Welcome to second ever OWLS blog post. I’ve only been apart of OWLS for a few weeks now, but it has been great getting to talk to a bunch of like-minded individuals who want to make the world a better place with writing, and I plan on doing just that with this post as well.
As you might have deduced from the title, today I’ll be focusing on two of my favorite characters, Sora and Shiro, and how they manage to bring a sort of hopefulness to the story of No Game No Life.
Before I get started though, a few more things. This month’s theme is Mentor, which you can read about directly below.
Throughout our lives, we might have encountered someone that we admired as a role model or has guided us in some life dilemma. This mentor could be a teacher at school, a coach, a boss or team leader at work, or a family friend. Whoever it is that person impacted your life in a positive manner. For this month’s OWLS topic, we will be writing about mentors or mentorships in anime and other pop culture media. Some topics we will be exploring include how a mentorship impacted a main character’s life, the types of mentor relationships a person could have, and/or personal stories about mentors or mentorships.
Also, I want to give a shoutout to the last OWLS post of this month, which came from Scott of Mechanical Anime Reviews. You can read his post about Gundam Unicorn here.
And now, without further Ado, my OWLS post for July:
There seems to be no end for the praise that the anime adaptation of Yuu Kamiya’s now famous light novel No Game No Life. Many talk about the story’s main characters, Sora and Shiro, and how there Neet personalities dropped against the very real fantasy world of Disboard makes the show almost like a parody. Others praise its unique color palette and the abundance of purple that ties the world together.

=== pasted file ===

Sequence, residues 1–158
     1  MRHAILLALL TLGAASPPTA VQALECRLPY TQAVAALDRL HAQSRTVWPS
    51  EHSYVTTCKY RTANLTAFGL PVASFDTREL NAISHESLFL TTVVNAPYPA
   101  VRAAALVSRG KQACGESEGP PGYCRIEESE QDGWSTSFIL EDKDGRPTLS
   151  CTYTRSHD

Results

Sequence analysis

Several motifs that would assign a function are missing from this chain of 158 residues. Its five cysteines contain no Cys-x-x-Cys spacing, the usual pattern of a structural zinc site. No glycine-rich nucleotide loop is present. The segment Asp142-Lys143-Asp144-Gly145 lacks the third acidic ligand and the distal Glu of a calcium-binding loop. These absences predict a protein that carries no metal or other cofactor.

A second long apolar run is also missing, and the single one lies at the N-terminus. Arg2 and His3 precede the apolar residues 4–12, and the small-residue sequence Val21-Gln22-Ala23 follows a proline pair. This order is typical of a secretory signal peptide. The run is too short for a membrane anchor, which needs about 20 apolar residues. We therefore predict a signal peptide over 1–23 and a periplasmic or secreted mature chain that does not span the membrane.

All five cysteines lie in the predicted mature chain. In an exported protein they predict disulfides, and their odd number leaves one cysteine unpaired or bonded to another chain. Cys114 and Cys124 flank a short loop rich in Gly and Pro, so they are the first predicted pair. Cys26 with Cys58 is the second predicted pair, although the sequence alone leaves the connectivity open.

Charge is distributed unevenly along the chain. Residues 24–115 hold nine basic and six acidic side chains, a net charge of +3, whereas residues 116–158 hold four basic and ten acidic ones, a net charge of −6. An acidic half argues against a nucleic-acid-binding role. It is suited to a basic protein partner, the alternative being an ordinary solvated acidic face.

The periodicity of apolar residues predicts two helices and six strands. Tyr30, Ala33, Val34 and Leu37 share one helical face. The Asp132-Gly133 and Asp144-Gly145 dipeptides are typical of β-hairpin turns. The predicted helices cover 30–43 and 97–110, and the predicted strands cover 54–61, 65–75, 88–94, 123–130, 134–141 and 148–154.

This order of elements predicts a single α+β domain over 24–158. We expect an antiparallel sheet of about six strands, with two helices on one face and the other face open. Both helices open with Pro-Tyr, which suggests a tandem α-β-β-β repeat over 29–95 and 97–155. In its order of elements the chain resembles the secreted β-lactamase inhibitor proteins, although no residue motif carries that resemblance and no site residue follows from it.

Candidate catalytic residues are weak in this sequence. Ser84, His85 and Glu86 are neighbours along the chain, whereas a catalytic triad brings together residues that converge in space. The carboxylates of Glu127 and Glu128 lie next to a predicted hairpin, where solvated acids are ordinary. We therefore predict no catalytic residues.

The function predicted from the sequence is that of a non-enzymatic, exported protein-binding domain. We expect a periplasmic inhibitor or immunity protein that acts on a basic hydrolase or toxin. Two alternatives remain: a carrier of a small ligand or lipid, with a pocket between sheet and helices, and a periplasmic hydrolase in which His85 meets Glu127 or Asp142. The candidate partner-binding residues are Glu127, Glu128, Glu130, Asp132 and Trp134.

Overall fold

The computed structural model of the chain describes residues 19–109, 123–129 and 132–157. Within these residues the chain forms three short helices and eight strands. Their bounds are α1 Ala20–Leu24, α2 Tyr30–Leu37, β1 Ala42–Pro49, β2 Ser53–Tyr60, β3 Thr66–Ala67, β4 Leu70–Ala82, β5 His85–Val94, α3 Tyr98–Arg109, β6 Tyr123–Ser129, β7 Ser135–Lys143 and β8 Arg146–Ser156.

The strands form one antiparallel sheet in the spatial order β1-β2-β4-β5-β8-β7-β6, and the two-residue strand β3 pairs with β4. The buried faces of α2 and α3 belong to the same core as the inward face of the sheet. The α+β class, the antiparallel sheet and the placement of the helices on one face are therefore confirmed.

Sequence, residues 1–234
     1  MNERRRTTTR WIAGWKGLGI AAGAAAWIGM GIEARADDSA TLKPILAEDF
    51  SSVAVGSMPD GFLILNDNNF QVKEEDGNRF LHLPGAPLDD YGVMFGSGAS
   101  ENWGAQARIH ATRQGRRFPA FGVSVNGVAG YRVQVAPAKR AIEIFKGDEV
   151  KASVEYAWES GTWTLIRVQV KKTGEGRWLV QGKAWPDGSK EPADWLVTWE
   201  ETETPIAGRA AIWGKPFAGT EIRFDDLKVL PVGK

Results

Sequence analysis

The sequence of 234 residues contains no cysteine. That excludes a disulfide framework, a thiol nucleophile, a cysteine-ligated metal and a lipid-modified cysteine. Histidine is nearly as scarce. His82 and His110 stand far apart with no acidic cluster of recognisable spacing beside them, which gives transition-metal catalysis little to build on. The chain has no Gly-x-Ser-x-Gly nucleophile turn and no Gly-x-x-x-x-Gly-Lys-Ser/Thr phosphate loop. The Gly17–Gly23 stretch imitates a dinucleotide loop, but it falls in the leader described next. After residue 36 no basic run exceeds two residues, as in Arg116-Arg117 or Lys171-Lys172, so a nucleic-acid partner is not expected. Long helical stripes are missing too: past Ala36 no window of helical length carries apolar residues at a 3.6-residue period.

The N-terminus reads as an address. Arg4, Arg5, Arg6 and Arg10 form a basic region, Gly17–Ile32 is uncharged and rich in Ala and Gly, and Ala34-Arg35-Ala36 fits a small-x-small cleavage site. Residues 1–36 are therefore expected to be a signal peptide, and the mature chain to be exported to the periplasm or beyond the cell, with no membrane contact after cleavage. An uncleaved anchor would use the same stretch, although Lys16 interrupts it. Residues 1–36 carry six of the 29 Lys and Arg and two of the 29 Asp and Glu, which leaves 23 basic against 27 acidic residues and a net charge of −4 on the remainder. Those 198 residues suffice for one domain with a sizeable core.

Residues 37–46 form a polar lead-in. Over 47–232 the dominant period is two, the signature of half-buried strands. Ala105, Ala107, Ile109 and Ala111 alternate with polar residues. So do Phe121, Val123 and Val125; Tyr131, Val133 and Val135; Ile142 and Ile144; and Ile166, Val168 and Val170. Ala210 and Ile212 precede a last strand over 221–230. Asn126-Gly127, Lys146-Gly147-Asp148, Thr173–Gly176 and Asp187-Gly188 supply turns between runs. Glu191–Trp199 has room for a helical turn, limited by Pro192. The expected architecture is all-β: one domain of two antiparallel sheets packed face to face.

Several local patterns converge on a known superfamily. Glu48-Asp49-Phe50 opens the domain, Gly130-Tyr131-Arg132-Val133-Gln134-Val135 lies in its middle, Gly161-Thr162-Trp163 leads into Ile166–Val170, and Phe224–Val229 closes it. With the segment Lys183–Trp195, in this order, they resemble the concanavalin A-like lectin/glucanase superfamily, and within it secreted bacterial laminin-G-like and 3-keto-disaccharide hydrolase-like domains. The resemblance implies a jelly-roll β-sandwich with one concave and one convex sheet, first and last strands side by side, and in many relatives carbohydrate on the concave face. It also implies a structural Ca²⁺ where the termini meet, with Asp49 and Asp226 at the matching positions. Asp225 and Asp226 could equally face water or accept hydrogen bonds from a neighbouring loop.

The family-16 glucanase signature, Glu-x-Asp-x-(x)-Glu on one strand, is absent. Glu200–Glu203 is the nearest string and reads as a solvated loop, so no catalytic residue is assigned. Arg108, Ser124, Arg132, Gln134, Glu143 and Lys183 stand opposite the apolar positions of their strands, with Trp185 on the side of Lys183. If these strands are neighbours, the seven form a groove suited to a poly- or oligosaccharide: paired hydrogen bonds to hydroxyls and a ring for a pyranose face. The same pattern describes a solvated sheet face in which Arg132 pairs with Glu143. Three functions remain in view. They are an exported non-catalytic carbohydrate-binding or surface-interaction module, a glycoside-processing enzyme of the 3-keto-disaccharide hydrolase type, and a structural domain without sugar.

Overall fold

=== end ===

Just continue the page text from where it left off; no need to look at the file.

There is, however, one element of the show that does not often get a fair shake: the show’s many ideas about the human condition. Littered throughout the fun and exciting world of endless gaming that makes No Game No Life’s story so unique is a very real and powerful examination of what makes people, people.
The first example of this comes during Sora’s coronation speech during the fourth episode. After having beaten Kurami, who was being supported by an elf, Sora talks about the current condition of Elkia. Sora explains that in the world of Disboard that was created by the one true god Tet, those who previously relied on Brute strength to take down there enemies were now forced to rely on the wisdom they could gather and use to defeat other nations in games.
That knowledge, he explains, has given them an edge over humans, and that in order to regain the strength that Immanity once had, humans needed to realize something about themselves: that they are weak. Humans, in the world of Disboard, have no magic nor any ability to perceive its use. Sora concludes that by remembering their own weakness, Immanity can once again become a strong and powerful nation.